Male Birth Control, But Actually

Photo by Thought Catalog on Unsplash

Let’s talk about male birth control. 

Sometimes it’s as effective as a man saying something dumb. Or maybe he’s just a Karen or a simp. Men are complex. We’re not here to shade, even though admittedly shading men is always rather cathartic.

Sorry boys. 

Anyway, back to male birth control. For real this time.

As of last year a new male birth control pill passed its first round of clinical testing. Scientists have been experimenting with hormonal male birth control since the ‘70s, and “the pill” has been prescribed to women since the ‘60s. So, what’s the hold up with male birth control?

Side effects, including:

  • Acne
  • Headaches
  • Mild erectile dysfunction
  • Reduced sex drive
  • Tiredness
  • Weight gain of 5 lbs. or less

Sound familiar? The side effects men experience are just the same side effects women have been experiencing (suffering through?) for years now. Why do these side effects create pause in production when men are the ones experiencing them, while women are simply warned and expected to deal with them? The double standard is ludicrous — a classic result of the patriarchy in place.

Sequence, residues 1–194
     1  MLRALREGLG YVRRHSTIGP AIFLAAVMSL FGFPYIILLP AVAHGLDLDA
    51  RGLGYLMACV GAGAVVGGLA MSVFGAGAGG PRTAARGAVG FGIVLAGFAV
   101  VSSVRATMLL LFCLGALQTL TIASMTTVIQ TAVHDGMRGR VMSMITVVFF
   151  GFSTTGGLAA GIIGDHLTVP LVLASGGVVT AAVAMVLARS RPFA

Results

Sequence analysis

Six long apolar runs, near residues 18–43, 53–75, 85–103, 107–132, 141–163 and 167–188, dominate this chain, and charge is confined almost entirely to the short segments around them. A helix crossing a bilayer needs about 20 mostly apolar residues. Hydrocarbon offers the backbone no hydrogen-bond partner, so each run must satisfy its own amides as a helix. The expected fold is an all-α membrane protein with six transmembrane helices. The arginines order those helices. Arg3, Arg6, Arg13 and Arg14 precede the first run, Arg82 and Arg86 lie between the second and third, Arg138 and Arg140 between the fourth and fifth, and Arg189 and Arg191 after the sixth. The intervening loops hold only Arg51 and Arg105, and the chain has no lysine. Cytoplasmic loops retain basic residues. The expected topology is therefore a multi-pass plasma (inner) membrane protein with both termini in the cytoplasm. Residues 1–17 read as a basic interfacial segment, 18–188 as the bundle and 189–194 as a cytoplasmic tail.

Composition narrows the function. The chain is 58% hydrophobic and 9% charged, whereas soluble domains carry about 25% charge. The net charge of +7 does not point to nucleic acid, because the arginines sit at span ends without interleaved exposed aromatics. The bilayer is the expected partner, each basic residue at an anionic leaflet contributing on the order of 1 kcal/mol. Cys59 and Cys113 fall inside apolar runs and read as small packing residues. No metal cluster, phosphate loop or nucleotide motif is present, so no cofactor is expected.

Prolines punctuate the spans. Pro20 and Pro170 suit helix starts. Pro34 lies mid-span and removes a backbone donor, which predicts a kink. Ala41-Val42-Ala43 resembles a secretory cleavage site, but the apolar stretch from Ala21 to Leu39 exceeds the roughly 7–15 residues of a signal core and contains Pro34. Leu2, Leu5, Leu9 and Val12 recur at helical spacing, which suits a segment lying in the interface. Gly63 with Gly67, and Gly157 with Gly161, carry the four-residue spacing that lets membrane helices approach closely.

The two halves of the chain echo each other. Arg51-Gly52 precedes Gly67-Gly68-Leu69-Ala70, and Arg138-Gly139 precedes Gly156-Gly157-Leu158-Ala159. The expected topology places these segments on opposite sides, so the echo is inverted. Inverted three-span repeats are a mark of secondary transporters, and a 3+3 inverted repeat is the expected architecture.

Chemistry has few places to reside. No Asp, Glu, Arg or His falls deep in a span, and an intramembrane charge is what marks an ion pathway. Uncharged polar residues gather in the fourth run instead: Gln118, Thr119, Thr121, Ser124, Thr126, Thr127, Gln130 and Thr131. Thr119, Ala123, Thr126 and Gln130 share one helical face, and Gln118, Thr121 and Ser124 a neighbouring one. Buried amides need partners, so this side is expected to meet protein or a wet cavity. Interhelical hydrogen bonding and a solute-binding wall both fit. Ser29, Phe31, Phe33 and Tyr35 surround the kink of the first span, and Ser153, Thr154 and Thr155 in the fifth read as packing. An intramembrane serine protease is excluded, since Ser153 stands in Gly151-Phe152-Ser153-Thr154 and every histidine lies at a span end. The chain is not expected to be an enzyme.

All medications come with possible side effects. It’s part of the risk one runs taking them. So, why are there different standards? Or, why aren’t we recalling women’s birth control medications to get rid of these side effects if it turns out they make everyday life that more uncomfortable for users? SMH. 

There is another option for men though. One we don’t talk about enough: vasectomies. 

Vasectomies can run anywhere between $300-$3000, and most health insurance plans don’t cover this procedure. In the same way health insurance plans cover the pill though, maybe it’s time to reevaluate this policy. After all, it could be a policy that accounts for two potential hospital visits within the max span of 15 years.

Two visits within 15 years…?

Vasectomies, unlike tubal ligations, are reversible. 

Obviously vasectomies, tubal ligation, and hormonal methods of birth control don’t protect their  users from STDs and infections. It’s still just as important to use protection!

Back to it: if reversed within 10 years of receiving a vasectomy there’s a 95% success rate. Even then, success rates don’t drop dramatically until 15 years have passed, or if someone has received multiple vasectomies and reversals. Therefore, two visits might not be a perfect policy, but it’s a place to start. 

Most importantly, it’s a place for us to start thinking. If women have to bear the child for 9 long months, could men maybe experience some side effects/take a more active role in preventing unwanted pregnancies?  

  • How do you feel about male birth control?

    • Bring it on!
    • I’d rather not.


Written by Nina Slowinski

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